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September 22, 2021

The world's most expensive shopping districts

Most Canadians don’t need an extra reason to hate Toronto.

In the majority’s eye – as discussed before – the traffic sucks, the streets are dirty and there’s so much crime the city might as well be post-Katrina New Orleans, 24/7. This is nothing fresh.

But a new study gives the country’s elitist hub another reason to dwell on its hoity-toityness, and it could be enough to send plenty of Canucks over the edge.

Toronto’s Bloor St., which houses privileged outlets like Hermes and Prada, once again came in first as the country’s most expensive street for retailers.

According to real estate advisor Cushman & Wakefield, it costs an average of $300 USD per square foot to set up shop along Bloor, the street that stretches through the heart of the city.

Vancouver’s Robson St. ($210 / square foot) and Saint-Catherine W in Montreal ($110 / square foot) rounded out the list’s Canadian top three.

Yet while that $300 figure might seem daunting, it’s really just pennies on the global scale.

Toronto placed 21st on the Cushman & Wakefield list, relative light years behind the world’s most posh shopping districts.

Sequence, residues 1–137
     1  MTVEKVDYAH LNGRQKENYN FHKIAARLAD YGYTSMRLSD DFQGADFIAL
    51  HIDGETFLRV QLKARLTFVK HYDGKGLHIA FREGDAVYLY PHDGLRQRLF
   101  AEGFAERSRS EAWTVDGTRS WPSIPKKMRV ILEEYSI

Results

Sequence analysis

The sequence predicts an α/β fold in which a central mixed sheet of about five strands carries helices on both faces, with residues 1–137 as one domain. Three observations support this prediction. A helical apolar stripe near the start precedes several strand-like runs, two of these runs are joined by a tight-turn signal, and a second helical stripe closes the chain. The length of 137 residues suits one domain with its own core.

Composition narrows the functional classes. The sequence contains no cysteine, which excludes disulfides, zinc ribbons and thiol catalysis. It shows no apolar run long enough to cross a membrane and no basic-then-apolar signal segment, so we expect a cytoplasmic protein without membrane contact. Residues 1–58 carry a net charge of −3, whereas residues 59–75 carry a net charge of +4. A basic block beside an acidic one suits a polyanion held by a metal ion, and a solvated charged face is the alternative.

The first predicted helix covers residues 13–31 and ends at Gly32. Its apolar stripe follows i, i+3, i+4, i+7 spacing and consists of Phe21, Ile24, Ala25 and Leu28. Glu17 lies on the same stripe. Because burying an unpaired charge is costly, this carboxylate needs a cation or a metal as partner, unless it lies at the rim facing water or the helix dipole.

Paris’ Avenue des Champs Elysees ranked third most expensive for retailers at $1,009 per square foot, just behind Hong Kong’s Causeway Bay at $1,525 per square foot.

The granddaddy of them all? New York’s Fifth Avenue, which costs retailers a ridiculous $1,700 per square foot, a figure that – while outrageous – is actually down 8 per cent from last year.

In fact, retail rents all over the world are tumbling (54% of the top locales reported a drop) from last year, though none more than Mumbai’s prestigious Colaba Causeway, which fell 63.5%. 

“The last 12 months have been one of the most difficult periods ever for the retail sector with consumer spending and retail sales down in many markets,” said John Strachan, Cushman & Wakefield’s global head of retail.

“There will undoubtedly be some markets which will continue to be affected (by the recession) over the next year, but we expect to see a greater number move back into positive territory.”

By Jason Buckland, MSN Money



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Gordon PowersGordon Powers

A long-time fund company executive, Gordon Powers now heads up the Affinity Group, a financial services consulting firm. Gordon was a personal finance columnist for the Globe & Mail for many years, has taught retirement planning...

James HaversJames Havers

James is the senior editor of MSN Money living in Toronto. He has worked for the Nikkei Shimbun (Tokyo),,, Canadian Business and other publications. Havers turned to journalism after teaching overseas.

Jason BucklandJason Buckland

The modern-day MC Hammer of money, Jason can often be seen spending cash that isn’t his with the efficiency of a Wilt Chamberlain first date. After cutting his teeth as a reporter for the Toronto Sun, he joined the MSN Money team with...